• A Look Into the Life of a Collegiate Cyclist

    My thoughts on cycling and life, racing experiences, training, training tips, and various cycling product reviews!
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Upstate Winter Bike League Ride (1/22)

I’ve done plenty of group rides since I’ve been up at school, but the ride I attended this past weekend deserved a post. With all the key qualities of an epic ride (nice mileage, poor weather, big group, flat tires, etc.), I’ll be sure to be heading back for more! This ride that some of the team went to attend last weekend in Greenville, SC was the Upstate Winter Bike League (UWBL) ride. Advertised as being a hilly and fast 4.5 hour ride with two attack zones, I was definitely up for it!

With upwards of 100 riders at the start, many of whom appeared to be in the higher tier categories (Pro,1,2), it was going to be an awesome ride. Rolling out, it was around 25°F and cloudy, so there was a good bit of complaining coming from the pack for the first hour or so! Once the sun finally came out and it warmed up a bit, we were able to take off some of the thicker layers and really be able to enjoy the ride. By the time the first sprint zone came I was ready for a pick up in the pace and was getting jittery. As the ride leader blew his whistle to announce the start, the attacks began almost instantly. With no idea where the end was, I was happy with being able to keep up with the main leading group and put in a few hard efforts.

After the mid-ride store stop, the pace either picked up or I was beginning to feel the effects of the ride! Regardless, a lot of people were beginning to struggle, especially with the hills, but with a van following behind for support nobody was left behind. As the second sprint zone was fast approaching, I moved up as quick as possible to the front of the now-shrunken pack. Again, as the starting whistle blew, the first attack went. With all of us from the team up towards the front we made several good attempts at getting off the front, but with no telling how far away the sprint was, it was difficult to make any headway. I made several attacks when I thought we were nearing the end, but little did I know it was only around the halfway point! After discovering this I stayed in the main pack and enjoyed the fast-paced ride back into town.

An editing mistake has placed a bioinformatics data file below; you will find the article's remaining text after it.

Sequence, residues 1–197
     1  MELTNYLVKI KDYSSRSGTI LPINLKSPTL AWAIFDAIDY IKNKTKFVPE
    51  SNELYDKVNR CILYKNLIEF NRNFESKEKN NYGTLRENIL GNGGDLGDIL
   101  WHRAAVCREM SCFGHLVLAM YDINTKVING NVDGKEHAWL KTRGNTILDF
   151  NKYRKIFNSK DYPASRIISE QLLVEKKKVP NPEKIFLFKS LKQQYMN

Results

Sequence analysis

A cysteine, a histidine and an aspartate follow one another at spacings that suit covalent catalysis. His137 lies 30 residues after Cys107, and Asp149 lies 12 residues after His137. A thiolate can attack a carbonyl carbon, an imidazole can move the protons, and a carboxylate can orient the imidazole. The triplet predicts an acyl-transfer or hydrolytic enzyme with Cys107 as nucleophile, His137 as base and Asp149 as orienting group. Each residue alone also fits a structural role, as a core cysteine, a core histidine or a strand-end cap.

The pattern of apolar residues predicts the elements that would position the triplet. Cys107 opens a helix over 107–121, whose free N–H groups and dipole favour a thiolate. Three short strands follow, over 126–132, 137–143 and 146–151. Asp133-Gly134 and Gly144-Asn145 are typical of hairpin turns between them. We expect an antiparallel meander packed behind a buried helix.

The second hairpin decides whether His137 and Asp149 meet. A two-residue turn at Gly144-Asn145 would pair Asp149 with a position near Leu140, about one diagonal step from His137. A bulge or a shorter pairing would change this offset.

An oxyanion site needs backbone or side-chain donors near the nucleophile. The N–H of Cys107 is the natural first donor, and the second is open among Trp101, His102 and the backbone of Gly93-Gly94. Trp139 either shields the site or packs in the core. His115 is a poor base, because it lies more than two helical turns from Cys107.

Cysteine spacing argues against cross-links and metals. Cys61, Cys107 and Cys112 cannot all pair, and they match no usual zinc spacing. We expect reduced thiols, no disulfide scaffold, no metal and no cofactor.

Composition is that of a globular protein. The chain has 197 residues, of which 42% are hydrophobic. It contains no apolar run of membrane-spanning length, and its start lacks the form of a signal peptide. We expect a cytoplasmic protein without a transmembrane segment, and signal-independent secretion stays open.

With about 95 miles in that kind of hilly terrain, I was very happy with my ride. After the easy drive back to Mars Hill, I put the legs up for a little while to rest up for another hard effort the next day. The UWBL ride next week is supposed to be a 107 mile ride from Greenville, SC to Waterloo, SC and back with a fair amount of climbing. I’m not too sure if I’ll be attending with the first race the following weekend, but we’ll see what happens!

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Race Tactics and Threshold Tests…

The past few weeks leading up to the first race of the season have continued to be grueling, but have nonetheless been great. I am happy to say that I’ll be enjoying somewhat of a recovery week as of yesterday, with today being a glorious day off the the bike! Thankfully, the weather has actually been cooperating with the training lately, and I’ve been able to go on some nice group and team rides. With workouts ranging from steady tempo intervals, to high-cadence intervals, and plenty of hard efforts, I’m feeling very ready for the first race. Though its only just over a week away now, it doesn’t seem to be coming fast enough! As I’ve previously mentioned and am happy to say again, the team as a whole is looking fit and ready to take on the collegiate competition. Every meal in the cafeteria usually has some kind of race-related conversation as everyone on the team is getting their nerves worked up!

Recently, the team was lucky enough to have a presentation done on race tactics and general “rules of thumb” from Andy Applegate of Carmichael Training Systems here in Asheville. With levels ranging from a Cat. 1 to Cat. 5 in the room, everyone was able to benefit from the advice that Andy gave. Personally, I was particularly interested in what he had to say about the importance of the nutritional aspect of racing. One thing I’m glad that he had to say that some tend to lose sight of though is to “have FUN!”